# Permutations are these not correct?

1. Oct 30, 2005

### rocketboy

Ok, for some reason my answers for the following 3 questions we were given for hw on permutations are wrong (according to the answers in the back of the text).

I was hoping that somebody could point me in the right direction, these basic ones should be simple for me. Thanks!

In how many ways can 11 players be seated on a bench so that Joey and Jill are not seated next to each other?

arrangements = total arrangements - arrangements where they are together
arrangements = 11! - 10!
arrangements = 36 288 000..........text had 32 659 200

In how many ways can four men and four women be seated around a circular table if each man must be flanked by two women?

i arranged the men first, then the women... i said that the first man has 8 possible seats, the second has 3 (because he can't sit beside another man and there has to be room for 2 women beside him) and the third has 2, and the last man has 1 possible seat. This leaves 4 seats for the first women, 3 for the second, 2 for the third, and 1 left for the last women to sit down.

thus, arrangements = (8 x 3 x 2 x 1) + (4!) = 72 text had 144

In how many ways can you form a three-digit number using only the digits of the number 21 150?

well, since it has to be 3 digits, 0 cannot be the first or second.
that leave's 4 digits to be put in the first and second places, and 5 for the last. divide by 2! because of the repeated 1.

thus, arrangements = (4 x 4 x 5) / 2 = 40 ways text has 26

-Jon

2. Oct 30, 2005

### QueenFisher

why can't the second number be 0? isn't 201 a 3-digit number?

3. Oct 30, 2005

### Muzza

11! - 2*10!. Joey can sit to the right or left of Jill.

4. Oct 30, 2005

### rocketboy

Thanks, I should have seen those.

But I still don't get the correct answer for the table question or the digits question.

if we're using the digits from 21 150 to form a 3 digit number....

then in the first spot we can have a 2, 1, or 5
in the second spot we can have a 2, 1, 5, or 0
and in the third spot we can also have a 2, 1, 5, 0

that means we can have 3 x 4 x 4 arrangements = 48 arrangements

but...there are repeats in that so we have to subtract those repeats which are:

if 2 appears in 3 or 2 spots = 3! spots
if 1 appears in 3 or 2 spots = 3! spots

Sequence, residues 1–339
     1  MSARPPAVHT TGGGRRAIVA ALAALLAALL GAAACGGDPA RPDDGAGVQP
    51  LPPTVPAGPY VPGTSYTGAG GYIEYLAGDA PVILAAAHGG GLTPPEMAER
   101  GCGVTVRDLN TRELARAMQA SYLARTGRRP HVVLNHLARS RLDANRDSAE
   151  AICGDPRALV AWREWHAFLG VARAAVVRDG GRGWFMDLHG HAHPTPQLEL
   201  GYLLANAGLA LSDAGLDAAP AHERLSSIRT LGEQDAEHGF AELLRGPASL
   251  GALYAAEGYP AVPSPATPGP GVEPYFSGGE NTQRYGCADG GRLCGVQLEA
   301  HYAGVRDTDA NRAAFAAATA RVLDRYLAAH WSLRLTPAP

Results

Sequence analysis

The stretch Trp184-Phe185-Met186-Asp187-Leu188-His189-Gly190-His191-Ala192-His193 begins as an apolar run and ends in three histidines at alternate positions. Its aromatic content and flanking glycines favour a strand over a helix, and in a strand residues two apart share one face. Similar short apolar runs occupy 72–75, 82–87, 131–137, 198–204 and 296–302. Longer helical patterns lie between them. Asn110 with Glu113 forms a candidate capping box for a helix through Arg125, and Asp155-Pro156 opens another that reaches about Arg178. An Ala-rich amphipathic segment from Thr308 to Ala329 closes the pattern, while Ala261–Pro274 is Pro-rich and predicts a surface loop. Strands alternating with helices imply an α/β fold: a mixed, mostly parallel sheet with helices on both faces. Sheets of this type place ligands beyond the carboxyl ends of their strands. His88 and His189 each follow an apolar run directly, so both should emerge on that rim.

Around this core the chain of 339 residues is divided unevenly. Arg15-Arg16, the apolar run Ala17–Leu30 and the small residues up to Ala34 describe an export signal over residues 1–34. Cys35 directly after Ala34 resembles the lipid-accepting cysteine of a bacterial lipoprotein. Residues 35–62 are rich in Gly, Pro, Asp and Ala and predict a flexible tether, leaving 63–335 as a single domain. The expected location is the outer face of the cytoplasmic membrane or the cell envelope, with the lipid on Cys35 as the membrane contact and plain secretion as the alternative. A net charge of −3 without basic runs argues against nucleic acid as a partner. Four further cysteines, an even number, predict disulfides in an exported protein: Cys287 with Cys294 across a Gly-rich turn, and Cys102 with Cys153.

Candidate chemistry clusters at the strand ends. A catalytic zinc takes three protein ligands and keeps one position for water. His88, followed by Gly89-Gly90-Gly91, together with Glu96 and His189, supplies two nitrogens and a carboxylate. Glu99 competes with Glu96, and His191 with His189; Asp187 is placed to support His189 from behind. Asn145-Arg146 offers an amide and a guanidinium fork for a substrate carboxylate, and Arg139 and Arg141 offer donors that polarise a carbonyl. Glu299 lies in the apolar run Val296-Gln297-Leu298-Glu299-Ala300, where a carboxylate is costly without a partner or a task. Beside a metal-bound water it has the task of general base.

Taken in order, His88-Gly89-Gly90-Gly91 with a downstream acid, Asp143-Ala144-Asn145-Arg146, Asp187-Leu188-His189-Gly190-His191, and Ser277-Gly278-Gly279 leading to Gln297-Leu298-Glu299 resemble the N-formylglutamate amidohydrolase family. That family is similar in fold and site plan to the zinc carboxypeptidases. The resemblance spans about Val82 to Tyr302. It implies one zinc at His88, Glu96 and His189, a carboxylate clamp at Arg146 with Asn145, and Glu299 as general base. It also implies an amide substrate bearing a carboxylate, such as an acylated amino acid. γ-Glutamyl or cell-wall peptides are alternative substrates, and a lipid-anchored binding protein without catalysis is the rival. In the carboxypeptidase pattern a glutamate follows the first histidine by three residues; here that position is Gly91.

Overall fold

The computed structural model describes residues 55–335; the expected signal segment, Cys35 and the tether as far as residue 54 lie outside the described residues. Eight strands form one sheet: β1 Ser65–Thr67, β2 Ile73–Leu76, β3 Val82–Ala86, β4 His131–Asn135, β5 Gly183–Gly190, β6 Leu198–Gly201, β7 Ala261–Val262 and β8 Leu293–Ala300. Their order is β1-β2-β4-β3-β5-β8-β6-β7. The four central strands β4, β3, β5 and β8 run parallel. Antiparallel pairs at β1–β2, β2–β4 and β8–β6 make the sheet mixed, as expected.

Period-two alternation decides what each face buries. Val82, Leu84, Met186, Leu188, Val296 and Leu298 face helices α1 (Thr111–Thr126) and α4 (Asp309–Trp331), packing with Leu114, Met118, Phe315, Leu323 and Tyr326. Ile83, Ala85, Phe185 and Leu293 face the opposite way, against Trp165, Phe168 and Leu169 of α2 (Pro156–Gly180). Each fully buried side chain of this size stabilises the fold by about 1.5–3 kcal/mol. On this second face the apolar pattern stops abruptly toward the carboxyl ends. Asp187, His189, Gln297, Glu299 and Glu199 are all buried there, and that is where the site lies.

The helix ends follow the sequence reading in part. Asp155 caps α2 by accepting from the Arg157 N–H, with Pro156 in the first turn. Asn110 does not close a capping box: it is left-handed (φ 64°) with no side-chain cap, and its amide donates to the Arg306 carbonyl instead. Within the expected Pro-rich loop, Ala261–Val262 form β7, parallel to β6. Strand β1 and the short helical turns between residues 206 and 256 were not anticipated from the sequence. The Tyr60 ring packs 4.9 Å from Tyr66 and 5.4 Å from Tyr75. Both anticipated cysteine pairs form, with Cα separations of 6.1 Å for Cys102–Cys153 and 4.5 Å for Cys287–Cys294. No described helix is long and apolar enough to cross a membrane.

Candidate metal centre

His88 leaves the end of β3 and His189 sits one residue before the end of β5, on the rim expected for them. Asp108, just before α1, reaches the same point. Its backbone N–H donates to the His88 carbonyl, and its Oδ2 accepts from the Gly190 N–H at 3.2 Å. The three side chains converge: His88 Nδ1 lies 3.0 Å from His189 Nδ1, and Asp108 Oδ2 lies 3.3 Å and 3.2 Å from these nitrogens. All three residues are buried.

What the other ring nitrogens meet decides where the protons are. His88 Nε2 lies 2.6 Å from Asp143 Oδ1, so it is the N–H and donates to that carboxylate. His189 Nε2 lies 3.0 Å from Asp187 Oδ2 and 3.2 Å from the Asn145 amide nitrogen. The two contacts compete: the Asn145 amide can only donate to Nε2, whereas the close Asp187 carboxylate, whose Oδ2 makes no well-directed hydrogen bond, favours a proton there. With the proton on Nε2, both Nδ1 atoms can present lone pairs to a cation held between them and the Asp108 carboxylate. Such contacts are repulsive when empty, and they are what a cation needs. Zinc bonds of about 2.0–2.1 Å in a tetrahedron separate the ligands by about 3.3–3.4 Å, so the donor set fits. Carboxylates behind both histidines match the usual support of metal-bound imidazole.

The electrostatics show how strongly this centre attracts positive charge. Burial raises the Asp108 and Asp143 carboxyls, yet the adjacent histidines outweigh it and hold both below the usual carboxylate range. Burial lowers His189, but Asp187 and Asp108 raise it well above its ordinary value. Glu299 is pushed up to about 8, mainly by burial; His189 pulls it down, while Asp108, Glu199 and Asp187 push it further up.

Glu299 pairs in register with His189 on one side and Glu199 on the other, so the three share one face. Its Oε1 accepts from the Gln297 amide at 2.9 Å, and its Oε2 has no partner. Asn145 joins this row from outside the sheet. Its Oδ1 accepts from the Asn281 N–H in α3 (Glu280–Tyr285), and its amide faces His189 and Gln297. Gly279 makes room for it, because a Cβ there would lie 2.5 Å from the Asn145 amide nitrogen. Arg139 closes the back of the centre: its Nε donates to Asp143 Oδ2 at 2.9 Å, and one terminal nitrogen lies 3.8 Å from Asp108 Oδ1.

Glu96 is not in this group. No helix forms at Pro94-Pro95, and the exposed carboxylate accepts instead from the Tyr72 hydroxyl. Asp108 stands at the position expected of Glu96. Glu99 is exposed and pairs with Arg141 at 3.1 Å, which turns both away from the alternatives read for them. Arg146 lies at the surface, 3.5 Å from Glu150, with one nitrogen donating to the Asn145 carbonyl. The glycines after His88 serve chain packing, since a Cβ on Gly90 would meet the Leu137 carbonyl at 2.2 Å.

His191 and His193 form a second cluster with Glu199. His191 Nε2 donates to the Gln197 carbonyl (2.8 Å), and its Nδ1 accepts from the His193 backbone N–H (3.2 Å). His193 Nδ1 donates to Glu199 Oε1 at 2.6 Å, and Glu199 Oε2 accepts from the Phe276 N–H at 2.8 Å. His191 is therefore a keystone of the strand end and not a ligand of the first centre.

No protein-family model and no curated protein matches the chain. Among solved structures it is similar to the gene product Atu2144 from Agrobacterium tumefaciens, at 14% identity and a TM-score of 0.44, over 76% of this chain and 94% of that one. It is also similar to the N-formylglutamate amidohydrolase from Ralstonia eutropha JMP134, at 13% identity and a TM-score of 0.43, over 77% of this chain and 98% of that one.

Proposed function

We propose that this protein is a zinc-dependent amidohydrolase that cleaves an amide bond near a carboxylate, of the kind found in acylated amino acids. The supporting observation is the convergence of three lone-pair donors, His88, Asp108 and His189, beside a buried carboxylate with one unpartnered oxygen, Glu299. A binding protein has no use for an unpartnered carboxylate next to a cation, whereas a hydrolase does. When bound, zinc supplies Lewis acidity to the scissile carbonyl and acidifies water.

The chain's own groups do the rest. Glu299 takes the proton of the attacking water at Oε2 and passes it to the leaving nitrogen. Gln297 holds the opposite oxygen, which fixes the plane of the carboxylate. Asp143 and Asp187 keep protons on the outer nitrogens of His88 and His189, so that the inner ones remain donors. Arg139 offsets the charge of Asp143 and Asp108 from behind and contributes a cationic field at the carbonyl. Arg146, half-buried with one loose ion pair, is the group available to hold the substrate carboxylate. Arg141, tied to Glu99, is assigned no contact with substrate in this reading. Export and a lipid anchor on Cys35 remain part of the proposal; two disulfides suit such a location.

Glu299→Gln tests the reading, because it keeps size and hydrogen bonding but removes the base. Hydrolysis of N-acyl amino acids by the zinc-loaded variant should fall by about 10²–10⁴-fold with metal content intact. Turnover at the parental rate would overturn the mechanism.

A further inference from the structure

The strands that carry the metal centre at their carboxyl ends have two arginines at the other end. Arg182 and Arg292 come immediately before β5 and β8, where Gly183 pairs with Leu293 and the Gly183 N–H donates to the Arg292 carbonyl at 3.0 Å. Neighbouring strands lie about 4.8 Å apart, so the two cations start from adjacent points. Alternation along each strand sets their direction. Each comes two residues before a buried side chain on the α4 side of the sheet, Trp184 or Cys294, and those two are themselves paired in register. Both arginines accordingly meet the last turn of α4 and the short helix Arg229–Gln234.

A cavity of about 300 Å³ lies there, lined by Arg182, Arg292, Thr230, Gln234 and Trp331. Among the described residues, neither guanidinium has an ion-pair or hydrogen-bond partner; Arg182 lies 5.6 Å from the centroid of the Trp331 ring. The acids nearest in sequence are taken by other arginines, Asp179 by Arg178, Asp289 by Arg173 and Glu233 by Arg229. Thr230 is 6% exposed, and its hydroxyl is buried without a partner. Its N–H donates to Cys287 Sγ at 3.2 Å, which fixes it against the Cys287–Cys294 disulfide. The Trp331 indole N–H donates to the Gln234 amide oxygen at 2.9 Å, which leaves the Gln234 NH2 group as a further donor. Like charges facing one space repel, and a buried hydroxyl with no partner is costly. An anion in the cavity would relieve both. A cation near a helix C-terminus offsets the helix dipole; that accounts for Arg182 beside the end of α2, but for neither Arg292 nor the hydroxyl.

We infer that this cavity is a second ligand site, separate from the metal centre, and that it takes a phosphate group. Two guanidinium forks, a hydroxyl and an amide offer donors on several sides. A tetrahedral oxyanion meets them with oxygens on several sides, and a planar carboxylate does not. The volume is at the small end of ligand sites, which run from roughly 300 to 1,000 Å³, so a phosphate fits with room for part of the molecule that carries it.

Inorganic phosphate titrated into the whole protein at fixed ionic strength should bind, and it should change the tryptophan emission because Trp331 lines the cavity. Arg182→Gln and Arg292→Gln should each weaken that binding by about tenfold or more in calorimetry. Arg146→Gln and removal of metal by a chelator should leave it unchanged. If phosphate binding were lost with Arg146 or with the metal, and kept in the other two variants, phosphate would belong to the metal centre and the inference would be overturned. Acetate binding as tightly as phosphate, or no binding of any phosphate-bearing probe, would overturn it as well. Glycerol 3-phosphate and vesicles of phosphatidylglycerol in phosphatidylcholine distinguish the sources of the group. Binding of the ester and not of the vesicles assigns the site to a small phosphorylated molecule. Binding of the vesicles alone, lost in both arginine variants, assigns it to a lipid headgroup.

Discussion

if 5 appears in 3 or 2 spots = 3! spots
if 0 appears in 2 spots, that's 2 spots

so we subtract a total of 6+6+6+2 = 20???

i have to go for dinner...hehe...i will continue trying after.

Last edited: Oct 30, 2005
5. Oct 30, 2005

### S&S

1) Except Joey and Jill, you have 9 other players. Permute these 9 players. The 9 players have 10 possible space between them, then choose 2 out of these 10 space. Then permute Joey and Jill. Multiply all these possibilities:
9!2!(10C2)=as required.

2) For this kind circular sitting problem, you have to fix a people as a reference. I choose fix a man, then other men's position is 3 permute. Between these men you have 4 position for 4 women, then 4 permute:
3!4!= as required.

3) This one is tricky for me. It could be easy if the string we wanna for is same length as the original string. But we must form a 3 bit string from a 5 bit string in this question. I don't really know. Can someone help?

6. Oct 31, 2005

### S&S

Here is a computer generated possibility set.

101 125 215 520
102 150 250 521
105 151 251
110 152 501
112 201 502
115 205 510
120 210 511
121 211 512

7. Oct 31, 2005

### VietDao29

For #3, you can do it a little bit differently from what you did here. First, calculate the total ways to write a 3-digit number with only 2, 1, 5, 0.
That'll be:
3 * 3 * 2 = 18 ways.
This is the number of ways of writing a 3-digit number that has only 1 digit '1' in it.
Then calculate the total way that had 2 digits '1' in it.
* denotes some number chosen randomly from (2, 5, 0)
1*1 = 3 ways.
*11 = 2 ways.
11* = 3 ways.
Now add them together, and see what you get.
Is it clear enough?
Viet Dao,